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I am currently developing a website that is pure javascript and relies heavily on the jQuery & jQuery UI libraries (this site is not intended for use by a general public, hence progressive enhancement is not a strict requirement for this project). I am encountering a significant memory leak on executing the following code:

oDialogBox = $("<div>...</div>");
/* Add useful things to the dialog box here */
    /* Other dialog box settings here */
    close: function(event, ui) {
        oDialogBox = null;

At any given time in this dialog box, I am creating, removing and modifying a large number of instances of jQuery UI buttons, multiselects (per the Multiselect widget created by Eric Hynds) and on click event handlers. According to jQuery UI documentation, calling .remove() on oDialogBox should result in all child widgets being unbound and deleted. Yet my detached DOM tree shows a significant number of garbage elements that the GC isn't collecting.

It is highly likely I have missed a large set of closures that need to be finished off safely. How do I do the following:

1) How do I identify which closures are keeping a given detached DOM object alive (either in Firefox or Chrome)?

2) Assuming the complete set of closures is identified, does anything beyond nulling the variable need to be done to assure marking the DOM element for garbage collection?

3) I have also noticed my list of arrays stored by the page is giant and contains references to DOM elements not being gathered by the GC. Is there a documented best practice for cleaning arrays from javascript and allowing all elements to be marked for deletion? (Note: this is a current prime suspect for the source of the memory leak)

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"list of arrays containing references to DOM elements" - might that be the reason for the DOM elements not being garbage collected? How do you inspect this list? – Bergi Dec 6 '12 at 1:14
When using the chrome developer tools, I have been taking heap snapshots with the profiler tool. After running my test, almost 50MB of additional memory was taken up in the heap. This was identified by the profiler as being stored in "(array)" objects. Random inspection has found jQuery properties for elements in the Detached DOM tree. I have also found evidence of empty arrays that are not being collected. I am still trying to identify if any of the arrays I define in my code are hiding in the list of 10k+ objects. – D. G. Dec 6 '12 at 1:44
up vote 1 down vote accepted

I'm afraid that I don't have a great answer for #1. I haven't found any really good tools for this myself, even given how good the development tools have become over the last few years. The best advice I can give is to always keep things in the smallest scope you possibly can. If things don't escape, it's generally easier to simply figure out where the references must be.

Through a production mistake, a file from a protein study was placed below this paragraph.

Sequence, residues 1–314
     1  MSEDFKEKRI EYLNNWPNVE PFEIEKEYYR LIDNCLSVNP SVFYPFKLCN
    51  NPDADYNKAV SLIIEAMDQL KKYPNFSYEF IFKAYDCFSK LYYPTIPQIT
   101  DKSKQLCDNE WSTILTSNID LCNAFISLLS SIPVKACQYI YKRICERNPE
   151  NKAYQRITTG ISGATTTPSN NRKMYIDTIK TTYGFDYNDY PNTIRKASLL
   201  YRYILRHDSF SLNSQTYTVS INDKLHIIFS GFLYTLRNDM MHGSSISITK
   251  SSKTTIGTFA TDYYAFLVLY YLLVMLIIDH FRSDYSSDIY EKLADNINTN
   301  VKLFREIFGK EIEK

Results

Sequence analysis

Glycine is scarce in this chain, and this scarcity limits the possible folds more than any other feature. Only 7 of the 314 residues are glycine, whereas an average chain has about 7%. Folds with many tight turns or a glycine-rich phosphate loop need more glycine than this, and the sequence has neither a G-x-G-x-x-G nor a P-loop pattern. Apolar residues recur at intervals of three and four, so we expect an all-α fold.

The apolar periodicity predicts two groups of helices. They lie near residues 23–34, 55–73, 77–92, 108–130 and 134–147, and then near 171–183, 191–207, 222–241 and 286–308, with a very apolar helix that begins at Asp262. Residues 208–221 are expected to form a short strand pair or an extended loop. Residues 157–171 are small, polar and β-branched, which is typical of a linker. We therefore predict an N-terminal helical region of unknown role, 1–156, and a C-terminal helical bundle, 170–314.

As to #2, there can be further concerns. If the object referenced by variable v1 closes over the free variables of some function, removing v1 will not be enough to make them eligible for garbage collection if another variable v2 closes over v1 in some other function. So I guess if you really mean the "complete set of closures", then you should be all set. But this might get hairy. Again, if most object have references only in narrow scopes, these problems are much less severe.

For #3, what sorts of arrays are you discussing? If it's jQuery collections, then perhaps you simply have too many of them around. The only reason I know for them to stay around for a long time is to bind event handlers to them, and that is almost always better handled by event delegation on parent elements. If it's you're own custom arrays, do you really have a good reason to store references to them in arrays that last for any substantial length of time? I've rarely found one.

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When I initially read your response, my immediate reaction was "No, the array is completely necessary." But after thinking about it over the night, I'm really only using the array to maintain a dynamic list of special divs for form data collection when the user hits "submit". The same trick could probably be done with more extensive use of classes on the objects and the jQuery selector. – D. G. Dec 6 '12 at 18:08
Another possibility is an array of their ids, if the elements have ids. This is much lighter-weight, and might be more targeted than DOM classes. – Scott Sauyet Dec 6 '12 at 21:03

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